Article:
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‘GeoGirls’ study science, form friendships at Mount St. Helens camp

‘GeoGirls’ study science, form friendships at Mount St. Helens camp


COLDWATER RIDGE — At a lazy creek Wednesday morning nearby Coldwater Lake, six girls carefully collected water and tested it for sediment.

They laughed and waded around the bank — sometimes yelling, “What the heck is that?” — or navigated slippery rocks in the riverbed.

The group was starting day four of the annual GeoGirls camp, a five-day, four-night excursion at Mount St. Helens for 25 middle school and five high school girls from across Washington and Oregon. They’re led by female scientists, educators and university students on scientific experiments around the most active active volcano in the Cascade Range.

The camp is in its fifth year, and previous participants are now returning to the program as high school mentors and adult volunteers, program officials said.

A future scientist

Peyton Ledbetter, 14, who is participating in this years GeoGirls camp on Mount St. Helens, sports her NASA shirt under her waders while standing in Coldwater Creek on Thursday.

GeoGirls was developed by Mount St. Helens Institute science education director Abigail Groskopf and U.S. Geological Survey geophysicist Kate Allstadt to inspire more girls to enter science-related fields. Thanks to donors and grants, the program is free. So the only limiting factor for interested girls is the strength of their application.

Cassandra Harker, a 16-year-old at the International School of Beaverton, was lit up as she talked about her new friends and the scientific projects they were working on, including the sediment study.

Cassandra said her role is to guide the other seventh- and eighth-grade girls and help them grow confidence. She said she’s especially excited for a night hike and camping under the stars with the other girls.

“Math and science are often undermined for women, so I wanted to show them my passion, and what you can see in science,” she said. “Some of us have been stereotyped. ... To come here, a lot of us were like, ‘Wow, I can like geology. I can like science.’ For a lot of them, it was a breakthrough.”

Tami teaches sediment

Tami Christianson, a hydro tech with Cascade Volcano Observatory, teaches a group of GeoGirls about water sediment levels from her research on the Toutle River.

Tami Christianson, a hydrological technician at Vancouver’s USGS Cascades Volcano Observatory, led the group in collecting sediment samples at the creek. It’s her second year participating in the program.

The May 18, 1980, eruption of Mount St. Helens dumped more than 3 billion tons of debris into the upper Toutle River Valley. If unchecked, it could wash downstream and clog the Cowlitz River, increasing flood risks.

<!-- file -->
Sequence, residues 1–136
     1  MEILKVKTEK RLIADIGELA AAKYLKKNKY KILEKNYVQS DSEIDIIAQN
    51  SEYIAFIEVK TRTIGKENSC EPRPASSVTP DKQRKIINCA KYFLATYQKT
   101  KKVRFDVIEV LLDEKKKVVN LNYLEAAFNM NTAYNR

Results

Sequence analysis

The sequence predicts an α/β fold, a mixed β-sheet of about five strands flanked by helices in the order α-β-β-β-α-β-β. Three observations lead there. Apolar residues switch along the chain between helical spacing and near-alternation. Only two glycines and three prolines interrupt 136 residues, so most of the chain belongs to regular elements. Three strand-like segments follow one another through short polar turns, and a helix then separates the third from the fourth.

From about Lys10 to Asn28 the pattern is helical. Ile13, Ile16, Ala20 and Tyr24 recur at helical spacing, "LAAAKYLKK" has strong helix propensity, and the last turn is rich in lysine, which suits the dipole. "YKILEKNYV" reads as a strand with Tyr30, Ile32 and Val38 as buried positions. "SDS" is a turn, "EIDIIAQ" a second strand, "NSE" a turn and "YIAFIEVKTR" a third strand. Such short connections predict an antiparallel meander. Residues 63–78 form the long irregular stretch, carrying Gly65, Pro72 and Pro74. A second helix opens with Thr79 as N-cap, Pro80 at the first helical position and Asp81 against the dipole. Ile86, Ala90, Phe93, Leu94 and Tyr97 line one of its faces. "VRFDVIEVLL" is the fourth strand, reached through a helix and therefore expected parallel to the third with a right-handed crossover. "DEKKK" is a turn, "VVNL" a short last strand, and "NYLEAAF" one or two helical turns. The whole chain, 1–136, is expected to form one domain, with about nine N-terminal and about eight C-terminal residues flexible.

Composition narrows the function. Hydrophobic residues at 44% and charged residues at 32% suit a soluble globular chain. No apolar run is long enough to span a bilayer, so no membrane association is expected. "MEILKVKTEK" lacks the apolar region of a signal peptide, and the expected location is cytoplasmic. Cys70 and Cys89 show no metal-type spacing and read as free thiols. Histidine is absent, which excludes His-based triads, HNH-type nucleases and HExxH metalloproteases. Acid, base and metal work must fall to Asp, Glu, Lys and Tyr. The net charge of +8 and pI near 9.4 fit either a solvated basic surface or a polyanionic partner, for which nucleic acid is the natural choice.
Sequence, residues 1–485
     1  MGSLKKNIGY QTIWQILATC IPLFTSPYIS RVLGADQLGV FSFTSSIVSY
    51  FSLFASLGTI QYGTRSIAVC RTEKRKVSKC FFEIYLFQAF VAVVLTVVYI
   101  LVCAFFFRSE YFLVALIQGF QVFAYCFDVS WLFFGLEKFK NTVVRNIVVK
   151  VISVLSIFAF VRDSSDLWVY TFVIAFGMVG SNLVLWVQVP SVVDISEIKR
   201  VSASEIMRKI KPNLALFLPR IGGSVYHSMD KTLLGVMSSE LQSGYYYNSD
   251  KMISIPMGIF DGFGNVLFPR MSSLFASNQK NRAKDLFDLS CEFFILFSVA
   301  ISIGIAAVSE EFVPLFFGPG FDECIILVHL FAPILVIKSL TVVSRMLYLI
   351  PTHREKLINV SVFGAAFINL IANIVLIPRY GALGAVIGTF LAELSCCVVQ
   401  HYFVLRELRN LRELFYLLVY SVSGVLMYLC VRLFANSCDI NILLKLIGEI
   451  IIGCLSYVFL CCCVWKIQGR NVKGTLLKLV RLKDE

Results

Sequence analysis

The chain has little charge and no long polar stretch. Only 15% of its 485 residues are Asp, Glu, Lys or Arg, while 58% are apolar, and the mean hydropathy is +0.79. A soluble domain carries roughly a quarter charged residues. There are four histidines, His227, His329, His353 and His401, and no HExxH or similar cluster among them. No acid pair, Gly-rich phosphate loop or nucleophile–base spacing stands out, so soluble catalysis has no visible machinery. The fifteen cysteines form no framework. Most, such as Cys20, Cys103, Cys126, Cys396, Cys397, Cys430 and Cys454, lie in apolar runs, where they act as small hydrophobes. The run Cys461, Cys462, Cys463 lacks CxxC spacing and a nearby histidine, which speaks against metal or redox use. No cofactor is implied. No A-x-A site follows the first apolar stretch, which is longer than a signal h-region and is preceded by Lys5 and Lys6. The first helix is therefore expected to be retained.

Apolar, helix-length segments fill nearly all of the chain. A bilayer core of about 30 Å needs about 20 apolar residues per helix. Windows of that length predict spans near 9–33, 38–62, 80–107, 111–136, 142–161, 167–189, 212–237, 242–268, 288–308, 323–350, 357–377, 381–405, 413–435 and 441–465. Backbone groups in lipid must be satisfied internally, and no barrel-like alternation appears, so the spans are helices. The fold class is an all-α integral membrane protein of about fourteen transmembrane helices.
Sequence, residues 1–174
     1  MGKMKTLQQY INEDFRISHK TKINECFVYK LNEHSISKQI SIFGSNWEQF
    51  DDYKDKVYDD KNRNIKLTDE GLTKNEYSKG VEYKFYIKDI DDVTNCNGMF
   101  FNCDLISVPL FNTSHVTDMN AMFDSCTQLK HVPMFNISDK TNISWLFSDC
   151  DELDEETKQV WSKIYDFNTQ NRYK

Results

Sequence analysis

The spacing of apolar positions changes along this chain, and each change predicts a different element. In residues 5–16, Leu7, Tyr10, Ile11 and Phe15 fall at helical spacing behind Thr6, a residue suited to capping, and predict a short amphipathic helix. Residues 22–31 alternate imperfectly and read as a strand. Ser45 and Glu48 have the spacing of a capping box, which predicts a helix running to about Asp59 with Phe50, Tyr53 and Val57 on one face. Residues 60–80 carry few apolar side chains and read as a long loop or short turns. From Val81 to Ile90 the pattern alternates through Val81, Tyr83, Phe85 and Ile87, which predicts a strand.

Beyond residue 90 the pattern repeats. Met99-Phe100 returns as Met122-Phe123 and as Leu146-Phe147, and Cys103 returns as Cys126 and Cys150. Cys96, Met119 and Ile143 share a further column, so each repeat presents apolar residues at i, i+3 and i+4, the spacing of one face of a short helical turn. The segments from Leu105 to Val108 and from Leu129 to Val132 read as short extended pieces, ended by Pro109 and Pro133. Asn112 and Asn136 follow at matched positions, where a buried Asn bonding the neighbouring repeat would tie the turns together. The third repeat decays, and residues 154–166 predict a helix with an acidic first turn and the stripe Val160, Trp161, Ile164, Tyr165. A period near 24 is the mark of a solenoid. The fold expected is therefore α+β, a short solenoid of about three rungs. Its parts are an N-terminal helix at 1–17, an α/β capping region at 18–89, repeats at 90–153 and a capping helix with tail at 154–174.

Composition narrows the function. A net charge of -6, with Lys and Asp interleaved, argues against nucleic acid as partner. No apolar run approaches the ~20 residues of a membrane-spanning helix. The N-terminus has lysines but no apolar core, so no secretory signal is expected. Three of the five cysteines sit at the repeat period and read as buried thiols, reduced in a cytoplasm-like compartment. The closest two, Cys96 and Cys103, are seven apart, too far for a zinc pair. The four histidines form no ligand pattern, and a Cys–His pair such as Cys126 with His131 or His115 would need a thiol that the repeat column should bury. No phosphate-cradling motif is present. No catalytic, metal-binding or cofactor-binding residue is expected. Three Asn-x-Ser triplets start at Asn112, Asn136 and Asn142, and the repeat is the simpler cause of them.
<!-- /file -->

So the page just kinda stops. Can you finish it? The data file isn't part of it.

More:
There are real economic and ecological concerns, not to mention human lives at stake in studying the sediment flow and flood risks of the Toutle River, Christianson pointed out.

“It gives them a perspective of how we work, what we do, and to see if they like it,” Christianson said. “Each different job, they can see why it’s done. Why are we collecting the sediment? Who cares how much dirt is in there?”

Liz Westby, a geologist at the Cascades Volcano Observatory, said the program opens the girls’ eyes beyond the stereotype of geologists standing around looking at rocks and fossils.

“They’re realizing it’s cool to be a science nerd as a girl,” Westby said.

Reenacting Mount St. Helens eruption

GeoGirls volunteer Cat Samson, center left, animates the story of the 1980 Mount St. Helens' eruption to her group of girls at Coldwater Lake in Aug. 2019.   

Wednesday morning, Cat Samson, a volunteer and mapping assistant for the Washington Geological Survey, led girls on a hike around Coldwater Lake to examine landslide deposits from the eruption. Another group examined rocks and minerals at the Coldwater Ridge Science and Learning Center.

Rian Newby, a 13-year-old who goes to Hamilton Creek School in Lebanon, Ore., and a member of the sediment testing group, said she’s fascinated by astrophysics and wants to one day work for NASA.

Newby said her science teacher signed up as many seventh and eighth grade girls from her school as possible for the GeoGirls, and Newby was chosen to go on the trip. She’s bonded with the other girls from camping, playing games in the car on the drive up and performing experiments, and said she plans to stay friends with them.

“I already have two of the girl’s Instagrams,” Newby said with a smile.


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